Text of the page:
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Long Schools adding 12 positions
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As a result of the Long County School System’s growth, 12 positions will be needed in 2014. The cost to fund these positions is estimated to be just under $600,000, according to a report the board of education heard during its Feb. 25 meeting. The board continued to work toward adopting a budget for fiscal year 2014.  
“Our system has grown tremendously. This year alone, we had an additional 185 students enter our school system, and we already were just about maxed out on the number of students we had in our classes. So, we are going to have to hire a few more people,” Superintendent Dr. Robert Waters said.
In 2005, Waters said, there were 2,178 students enrolled in the system; as of this March, there are 2,887, which is a growth of 25 percent.
Long County Board of Education Chairman Dempsey Golden acknowledged the school system’s need to hire additional employees and said that a result of the mid-term funding situation, the money for the positions will come from the state.
“Fortunately, we don’t allocate the mid-term state estimates each year in our budget, just so we have those funds ($576,102) for cases such as this,” Golden said.
Waters said that the state mid-term funding is based on a county’s growth every year. Long County’s growth has been one of the reasons that the BoE has not had to raise taxes during the past four years.
“Our adjusted net maintenance and operations digest figures have just about doubled from around $130,000 in 2006 to around $260,000 this year. But, fortunately, with the growth that we have had in the county, it has compensated for the difference, resulting in taxes not increasing,” Waters said.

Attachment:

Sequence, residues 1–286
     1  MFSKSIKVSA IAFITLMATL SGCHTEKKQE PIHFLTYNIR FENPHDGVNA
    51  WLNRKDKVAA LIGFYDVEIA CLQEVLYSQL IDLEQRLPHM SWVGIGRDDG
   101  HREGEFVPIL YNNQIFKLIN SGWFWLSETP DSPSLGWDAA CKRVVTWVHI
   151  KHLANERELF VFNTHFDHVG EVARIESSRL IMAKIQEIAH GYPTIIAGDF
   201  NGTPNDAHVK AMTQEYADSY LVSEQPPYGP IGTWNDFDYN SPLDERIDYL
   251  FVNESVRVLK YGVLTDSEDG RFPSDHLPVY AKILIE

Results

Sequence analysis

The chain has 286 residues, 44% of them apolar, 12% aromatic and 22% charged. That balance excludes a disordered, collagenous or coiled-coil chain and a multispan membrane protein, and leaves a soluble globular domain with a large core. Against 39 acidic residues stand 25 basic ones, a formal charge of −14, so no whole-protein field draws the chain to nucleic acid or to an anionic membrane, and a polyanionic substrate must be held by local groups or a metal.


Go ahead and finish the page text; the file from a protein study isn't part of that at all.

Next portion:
Finance officer Bridget Welch touched on what an average-sized Long County home brings in in tax revenue.
“Calculating a 40 percent assessment on a $100,000 piece of property, the most that a property owner has had to pay annually is $628, and for the last three years it has been little less than that, remaining at $540 a year based on the total millage rate,” Welch said.
She said taxes collected from homeowners also have dropped because the BoE paid off a debt service bond in 2009, resulting in the elimination of 1.6 mils.
Board member Linda DeLoach said, “There are a lot of mandatory costs in a school system — things that are required by law that we have to do. I’m proud of all of the schools and all of the staff, along with our board members, who have worked very hard to keep our schools operating at a high level without raising taxes.”
Waters also said that with several school systems in the area having to implement furloughs, some employees had expressed concern about furloughs in Long County.
“According to our budget estimates, no furloughs look to be necessary. All we are going to do is continue to be as cost-conscious as we can be,” Waters said.

In other business:
• Waters updated the board on the repairs to Smiley Elementary School’s gym, which recently was damaged by a fire. The superintendent said that the inside has been repaired; curtains and inside walls were chemically cleaned; the ductwork was repaired; and the electrical system in the school was checked. He said work continues on the roof and carpet.
• The BoE voted to cancel school Feb. 26 due to heavy rain in the area, which left roads in bad condition.

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